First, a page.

Fernando Alonso, Double World Champion, Raging Inferno, Turns 41!

Fernando Alonso
Fernando Alonso

He was a 20-year-old when he arrived in Formula 1. Today, he’s the driver who has raced most laps in F1 history. In his debut season in the sport, circa 2001, he broke into the top ten though that wasn’t before the twelfth race of the season (German Grand Prix). And that wasn’t before enduring no fewer than five race retirments.

But it took him just one race in 2003, his next season, to break into points, scoring his first ever in Formula 1. The fighting seventh at Australia was no less important a result for this promising Spaniard than the fastest lap set by a familiar name on the grid: Kimi Raikkonen (then with McLaren).

Starting from tenth and ending seventh wasn’t such a mild performance for the driver of the Mild Seven Renault F1 racing team. That very season, the youngster scored four podiums, one of which yielded a stellar Hungarian win, at the very venue where Fernando Alonso is about to race in the next few hours.

Nineteen years have passed since that 2003 season, one that saw two names of that grid become legends. One of them, Kimi is no more an F1 driver. The other, Fernando Alonso, the man from Asturias, is still going strong and even after 348 Grand Prix entries, is anything but finished.

As a matter of fact, he has raced more laps than his old rival and former Ferrari teammate Raikkonen raced in the sport. And it has been anything but an easy ride for the Oviedo-born.

His McLaren years, 2015 to 2018, perhaps birthed some of the lowest point of his career. Not once in his four-year-run at the sport’s glorious outfit did Alonso reach top ten in the Driver’s standings. And yet, he came out with epic feats that mesmerised fans and his critics alike.

There were moments that perhaps didn’t really muster the regard their creator so richly deserved. How so?

It was Fernando Alonso in that barely drivable McLaren who set the fastest lap at the Hungaroring in 2017 and that too, on the penultimate lap of the 70-lap run, finding that extra bit of pace that even eluded the Ferraris of Vettel and Raikkonen and the Mercedes’ of Hamilton and Bottas.

That same year, Alonso drove home a brave P9 at Baku, which is when at one stage, he had to limp back to the pits for fresh rubber on nearly one wheel after the debris resulting from an opening lap incident marred the grid. Lest it is forgotten, he had begun the race from sixteenth on the grid.

A year later, in what was then his final year in the sport (ahead of a two-year hiatus from F1), Fernando Alonso found way to drive his MCL 33, an insipid midfielder, to five consecutive points finishes. Australia, Bahrain, China, Azerbaijan and Spain unfurled the exasperating talent that we had seen back in the day in 2005 and 2006, where he had been at his prime.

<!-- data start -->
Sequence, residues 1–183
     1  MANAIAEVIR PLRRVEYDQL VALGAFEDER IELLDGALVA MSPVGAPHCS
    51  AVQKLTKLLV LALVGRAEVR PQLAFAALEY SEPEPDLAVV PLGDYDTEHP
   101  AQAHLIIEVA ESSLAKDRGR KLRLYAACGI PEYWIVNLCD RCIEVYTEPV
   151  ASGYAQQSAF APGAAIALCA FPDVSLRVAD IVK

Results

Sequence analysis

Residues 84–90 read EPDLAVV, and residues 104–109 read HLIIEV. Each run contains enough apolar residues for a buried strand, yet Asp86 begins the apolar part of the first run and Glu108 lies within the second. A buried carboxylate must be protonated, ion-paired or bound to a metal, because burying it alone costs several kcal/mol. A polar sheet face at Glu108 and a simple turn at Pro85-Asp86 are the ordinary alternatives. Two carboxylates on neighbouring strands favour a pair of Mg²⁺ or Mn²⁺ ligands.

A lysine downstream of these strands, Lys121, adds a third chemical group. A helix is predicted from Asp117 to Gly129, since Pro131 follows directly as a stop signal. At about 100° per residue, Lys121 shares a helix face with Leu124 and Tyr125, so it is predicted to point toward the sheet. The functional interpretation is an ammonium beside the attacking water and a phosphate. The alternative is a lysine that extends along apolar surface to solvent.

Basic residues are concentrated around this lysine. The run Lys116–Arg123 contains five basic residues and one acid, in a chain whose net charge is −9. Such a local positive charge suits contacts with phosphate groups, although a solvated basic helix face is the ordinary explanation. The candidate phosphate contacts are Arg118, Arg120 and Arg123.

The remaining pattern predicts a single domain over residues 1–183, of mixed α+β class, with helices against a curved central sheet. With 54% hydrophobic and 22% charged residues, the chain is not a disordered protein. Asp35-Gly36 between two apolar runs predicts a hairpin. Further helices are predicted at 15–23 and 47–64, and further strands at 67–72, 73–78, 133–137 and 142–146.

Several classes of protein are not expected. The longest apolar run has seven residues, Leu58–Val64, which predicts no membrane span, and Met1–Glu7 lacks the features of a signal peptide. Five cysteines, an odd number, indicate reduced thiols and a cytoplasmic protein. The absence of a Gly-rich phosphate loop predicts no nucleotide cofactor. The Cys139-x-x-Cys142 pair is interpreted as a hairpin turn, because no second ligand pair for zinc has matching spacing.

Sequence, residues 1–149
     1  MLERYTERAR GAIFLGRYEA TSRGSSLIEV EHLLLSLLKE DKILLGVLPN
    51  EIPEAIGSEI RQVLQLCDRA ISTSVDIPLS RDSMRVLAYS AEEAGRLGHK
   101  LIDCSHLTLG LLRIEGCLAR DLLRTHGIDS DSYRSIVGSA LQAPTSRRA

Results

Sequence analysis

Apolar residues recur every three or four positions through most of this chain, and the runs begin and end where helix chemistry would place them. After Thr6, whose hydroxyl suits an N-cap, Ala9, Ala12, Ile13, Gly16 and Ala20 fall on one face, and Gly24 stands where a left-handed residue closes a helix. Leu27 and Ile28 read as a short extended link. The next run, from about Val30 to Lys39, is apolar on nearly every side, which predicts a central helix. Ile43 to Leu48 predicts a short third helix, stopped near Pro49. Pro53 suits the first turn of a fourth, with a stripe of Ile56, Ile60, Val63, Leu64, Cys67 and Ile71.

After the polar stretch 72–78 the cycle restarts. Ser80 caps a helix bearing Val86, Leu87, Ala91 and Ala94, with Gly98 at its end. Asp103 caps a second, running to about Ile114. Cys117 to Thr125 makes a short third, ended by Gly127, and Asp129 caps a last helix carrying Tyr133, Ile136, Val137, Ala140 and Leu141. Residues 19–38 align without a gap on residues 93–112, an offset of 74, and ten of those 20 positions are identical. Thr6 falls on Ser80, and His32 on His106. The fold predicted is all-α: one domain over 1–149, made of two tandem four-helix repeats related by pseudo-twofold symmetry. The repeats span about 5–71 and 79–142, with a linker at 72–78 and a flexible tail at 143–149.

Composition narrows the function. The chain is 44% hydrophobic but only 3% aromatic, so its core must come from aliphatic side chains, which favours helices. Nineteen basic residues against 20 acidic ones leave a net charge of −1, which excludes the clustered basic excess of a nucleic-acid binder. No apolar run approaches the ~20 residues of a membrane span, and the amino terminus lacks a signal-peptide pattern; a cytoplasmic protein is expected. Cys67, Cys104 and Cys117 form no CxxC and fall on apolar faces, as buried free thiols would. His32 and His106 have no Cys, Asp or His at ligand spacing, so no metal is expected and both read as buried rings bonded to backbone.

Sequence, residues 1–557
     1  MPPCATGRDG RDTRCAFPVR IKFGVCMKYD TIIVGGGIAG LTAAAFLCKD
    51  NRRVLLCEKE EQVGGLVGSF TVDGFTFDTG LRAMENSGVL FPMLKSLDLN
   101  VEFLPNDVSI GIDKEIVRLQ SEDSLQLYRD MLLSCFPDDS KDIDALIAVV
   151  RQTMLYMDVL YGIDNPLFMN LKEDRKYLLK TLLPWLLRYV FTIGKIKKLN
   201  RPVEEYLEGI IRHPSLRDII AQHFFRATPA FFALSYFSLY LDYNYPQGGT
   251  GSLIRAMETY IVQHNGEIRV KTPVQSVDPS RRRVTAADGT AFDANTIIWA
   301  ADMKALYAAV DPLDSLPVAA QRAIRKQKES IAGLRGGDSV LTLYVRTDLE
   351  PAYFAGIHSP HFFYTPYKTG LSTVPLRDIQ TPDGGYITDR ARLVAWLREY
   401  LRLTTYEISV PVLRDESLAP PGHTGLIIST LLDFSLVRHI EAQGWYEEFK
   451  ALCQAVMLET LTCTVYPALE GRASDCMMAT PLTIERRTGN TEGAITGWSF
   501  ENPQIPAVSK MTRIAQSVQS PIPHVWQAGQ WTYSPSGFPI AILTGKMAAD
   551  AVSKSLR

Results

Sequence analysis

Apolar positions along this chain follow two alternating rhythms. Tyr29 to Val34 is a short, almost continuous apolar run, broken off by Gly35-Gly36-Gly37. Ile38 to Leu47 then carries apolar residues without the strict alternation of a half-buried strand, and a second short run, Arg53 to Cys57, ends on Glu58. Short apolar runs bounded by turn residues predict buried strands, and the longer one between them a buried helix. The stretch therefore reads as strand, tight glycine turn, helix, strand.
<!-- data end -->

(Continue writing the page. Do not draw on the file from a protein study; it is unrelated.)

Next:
Maybe many will call this a wild theory or an emotional confession, but when Fernando Alonso did the donuts upon the completion of the 2018 Abu Dhabi Grand Prix, marking the end of his F1 journey back then, it didn’t really seem as though he was bidding adieu to the sport; there was this underlying feeling of a certain incompleteness about his stint, the barren emptiness perhaps that would make him return again.

And here we are.

Fernando Alonso is here with us. Despite driving a stable, if not the most blistering midfielder in Alpine, he’s very much in point scoring business. Not once since the 2022 Spanish Grand Prix has he not been in points. His previous three race results read a P5 at Silverstone, the venue of a stellar 2011 victory with Ferrari, a tenth at Red Bull’s home track Spielberg and the very recent sixth at Le Castellet, home to the French Grand Prix.

It took Alonso just one season to prove that he’s still got it; in the sport’s maiden Qatar Grand Prix of 2021, he clinched a podium, taking his overall tally to an enviable 98. Everyone, whether a number cruncher or not, is wondering when might the century happen?

While his first-ever race upon returning to the grid, the Bahrain GP of 2021, culminated a DNF, Alonso ensured he went wheel to wheel with another titan of the grid in Lewis Hamilton at the Hungarian GP (2021). In so doing, he delivered a cracker of a drive that defied Hamilton, the Briton competing in a much faster car whilst Alonso was in an Alpine.

As on date, Fernando Alonso is already tenth on the driver’s standings with 37 points against his name. It’s the very position he reached last year but only after completing 22 races. So far, he’s only contested in twelve races- not more.

To anyone from this social media obsessed age, where judgements on sportsmen and their caliber come not only from those with hardcore facts but also the Tinder-loving tender youth, Alonso can simply smile and ignore the rhetorics thrown at him regarding his age (and hence, existence on the grid).

Surely, he’s not getting any younger! But how many 41-year-olds have you seen that can match Lewis in a Mercedes, deny Ricciardo in a McLaren and score a second in qualifying in Gilles Villeneuve land whilst driving a midfield car?

Fernando Alonso
Fernando Alonso (ESP) Alpine F1 Team. Bahrain Grand Prix, Saturday 19th March 2022. Sakhir, Bahrain.


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